I was reminiscing with a co-worker recently and the topic of awkward first dates came up. I didn’t have to contemplate very long. My walk down memory lane led me straight to the drive-in, where a good portion of my memorable “date from hell” was spent. Now I have you thinking…drive-in…awkwardness…date from hell…SEX…this has gotta be good. Right?
The girl in this date, Evelyn, was a long time family friend who wanted to be more than that. When we were in our early teens and lived in Silver Springs Maryland, she had the biggest crush on me (ask anyone). I never really “clicked” with her though. Maybe it was because I had known her for so long and she felt more like family than anything else to me. Whatever the reason, I was relieved when my family transferred away and we didn’t see each other for years.
During July of 1976, I was at home on break from my sophomore year at LSU. Evelyn was 20 and living in North Carolina, but she and her mother were visiting my family in New Orleans for a week. Right away I could tell she was ready to pick up where she left off, wanting to take the friendship to “the next level”. I still wasn’t too keen on the idea. I hemmed and hawed as long as could before being pressured into a taking her on a date by the two mothers. I know that wherever my mom is right now, she is still snickering over that one.
Trying to make the date as innocent as possible, I selected Joe’s Crab Shack for dinner. It was very popular and busy, which meant the romance quotient would be low (no quiet candle lit dinners). Afterwards we would see a light comedy (heavy drama, sci-fi or horror tend to make dates clench onto you) at the local cineplex. I was feeling pretty confident. I was sure I could get through the date without allowing Evelyn the slightest possibility for physical interaction. That is until I learned that she discovered we had a drive-in theater just a few miles from where we lived. And it showed classic double features every Friday night, which she LOVED. I reluctantly agreed to the change in plans, my apprehension now twisting knots in my stomach that an eagle scout could be proud of.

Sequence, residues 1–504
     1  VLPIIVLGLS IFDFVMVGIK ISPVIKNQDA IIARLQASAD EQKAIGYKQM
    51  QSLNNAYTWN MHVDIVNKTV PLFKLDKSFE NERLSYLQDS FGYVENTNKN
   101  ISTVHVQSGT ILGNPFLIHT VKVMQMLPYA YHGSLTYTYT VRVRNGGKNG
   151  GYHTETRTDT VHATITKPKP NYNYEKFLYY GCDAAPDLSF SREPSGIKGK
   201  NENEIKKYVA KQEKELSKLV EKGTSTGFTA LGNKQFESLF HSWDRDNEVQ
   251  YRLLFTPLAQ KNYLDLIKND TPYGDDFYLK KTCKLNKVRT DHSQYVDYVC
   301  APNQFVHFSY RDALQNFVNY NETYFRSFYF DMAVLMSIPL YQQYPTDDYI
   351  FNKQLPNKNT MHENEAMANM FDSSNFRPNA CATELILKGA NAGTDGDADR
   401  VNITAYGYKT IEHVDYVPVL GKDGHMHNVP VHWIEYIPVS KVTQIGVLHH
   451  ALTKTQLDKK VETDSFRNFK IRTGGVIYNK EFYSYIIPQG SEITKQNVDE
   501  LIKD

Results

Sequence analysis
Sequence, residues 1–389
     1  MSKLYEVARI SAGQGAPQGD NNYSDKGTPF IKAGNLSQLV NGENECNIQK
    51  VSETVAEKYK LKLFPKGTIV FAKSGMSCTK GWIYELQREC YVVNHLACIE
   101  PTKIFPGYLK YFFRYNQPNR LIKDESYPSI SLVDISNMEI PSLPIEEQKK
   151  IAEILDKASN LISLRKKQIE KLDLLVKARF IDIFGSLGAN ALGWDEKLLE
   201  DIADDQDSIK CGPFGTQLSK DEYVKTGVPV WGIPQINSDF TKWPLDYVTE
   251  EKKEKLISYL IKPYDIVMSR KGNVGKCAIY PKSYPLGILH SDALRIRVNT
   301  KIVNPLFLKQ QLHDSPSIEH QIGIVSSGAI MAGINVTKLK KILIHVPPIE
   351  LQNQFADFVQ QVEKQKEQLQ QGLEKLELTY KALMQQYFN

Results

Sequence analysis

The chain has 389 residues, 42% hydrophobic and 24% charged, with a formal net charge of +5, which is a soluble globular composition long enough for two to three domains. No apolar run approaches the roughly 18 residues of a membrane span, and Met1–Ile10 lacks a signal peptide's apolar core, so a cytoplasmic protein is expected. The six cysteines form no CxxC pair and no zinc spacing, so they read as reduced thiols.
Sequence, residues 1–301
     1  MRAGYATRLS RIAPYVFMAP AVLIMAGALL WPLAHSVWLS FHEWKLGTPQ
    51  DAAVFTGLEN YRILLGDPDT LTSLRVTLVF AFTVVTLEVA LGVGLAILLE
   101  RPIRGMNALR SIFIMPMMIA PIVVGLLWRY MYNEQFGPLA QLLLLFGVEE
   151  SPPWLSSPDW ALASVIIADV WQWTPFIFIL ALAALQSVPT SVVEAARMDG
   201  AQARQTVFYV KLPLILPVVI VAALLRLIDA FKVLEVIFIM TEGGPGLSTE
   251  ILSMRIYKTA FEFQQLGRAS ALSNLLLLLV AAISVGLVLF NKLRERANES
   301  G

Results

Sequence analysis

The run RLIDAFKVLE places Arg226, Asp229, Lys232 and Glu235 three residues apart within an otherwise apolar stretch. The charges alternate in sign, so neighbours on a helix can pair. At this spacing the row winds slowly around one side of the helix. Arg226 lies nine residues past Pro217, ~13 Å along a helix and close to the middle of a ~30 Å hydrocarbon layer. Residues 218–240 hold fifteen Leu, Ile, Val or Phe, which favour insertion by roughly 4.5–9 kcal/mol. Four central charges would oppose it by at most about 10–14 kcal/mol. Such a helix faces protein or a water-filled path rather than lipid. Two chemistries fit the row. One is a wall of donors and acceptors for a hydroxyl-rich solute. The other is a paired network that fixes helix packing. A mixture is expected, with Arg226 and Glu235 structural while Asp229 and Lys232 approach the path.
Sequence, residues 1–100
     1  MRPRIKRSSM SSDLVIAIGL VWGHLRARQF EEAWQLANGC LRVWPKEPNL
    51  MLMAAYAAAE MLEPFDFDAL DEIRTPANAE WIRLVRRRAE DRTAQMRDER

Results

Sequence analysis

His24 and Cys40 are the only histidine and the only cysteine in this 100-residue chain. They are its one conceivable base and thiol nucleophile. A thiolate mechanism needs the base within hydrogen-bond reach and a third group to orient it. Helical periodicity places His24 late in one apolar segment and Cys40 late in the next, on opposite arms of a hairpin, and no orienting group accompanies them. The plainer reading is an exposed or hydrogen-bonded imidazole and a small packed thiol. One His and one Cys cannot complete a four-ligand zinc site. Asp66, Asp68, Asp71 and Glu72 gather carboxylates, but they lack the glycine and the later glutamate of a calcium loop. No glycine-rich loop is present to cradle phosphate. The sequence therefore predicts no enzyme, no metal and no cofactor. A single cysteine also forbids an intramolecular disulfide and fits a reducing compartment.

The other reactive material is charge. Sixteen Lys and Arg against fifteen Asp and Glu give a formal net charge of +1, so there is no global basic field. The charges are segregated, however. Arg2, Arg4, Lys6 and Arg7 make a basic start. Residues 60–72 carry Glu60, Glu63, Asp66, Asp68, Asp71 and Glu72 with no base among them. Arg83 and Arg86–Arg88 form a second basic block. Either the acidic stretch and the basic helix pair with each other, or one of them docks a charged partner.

The movies on tap for the coming Friday? Night of the Living Dead and The Invasion of the Body Snatchers. Gulp.
The night started off well. The restaurant was crowded and our small talk had to be yelled across the table. I didn’t say much. I kept stuffing crab legs into my mouth so I wouldn’t have to.
My mood started to sour as we made our way from the diner to the drive-in, whereas Evelyn’s mood seemed to improve. We had arrived a little early, so we were able to pull my brother’s El Camino into an open slot on the front row. The borrowing of my brother’s car was another strategic move on my part. I wasn’t going to take my Chevy van, with all the possibilities that could offer. I told (fibbed) Evelyn that I was having problems with my alternator. She seemed disappointed.
The drive-in was older than I was and the deterioration over the years were evident everywhere. The front of the complex, underneath the screen where a recreational park had once been, was now overgrown with shrubs. A obscure breed of grey dog was roaming near the corner of the fence, sniffing for food. At least I thought so until I saw him raise his leg and relieve himself. A smaller dog, brown I think, was weaving in and out between the cars looking for a handout. All of the posts where the audio speaker boxes were housed were badly in need of a paint job. The enormous white screen itself was in surprisingly good shape, with only a slight tear in the upper left hand corner.
Not long after we had settled in other cars pulled into the slots on either side of us. On our left was an older middle age couple who were dressed in matching sweaters, and to the right were two couples of high school age kids. I noticed all of this because I was trying to focus my attention everywhere but inside my own car.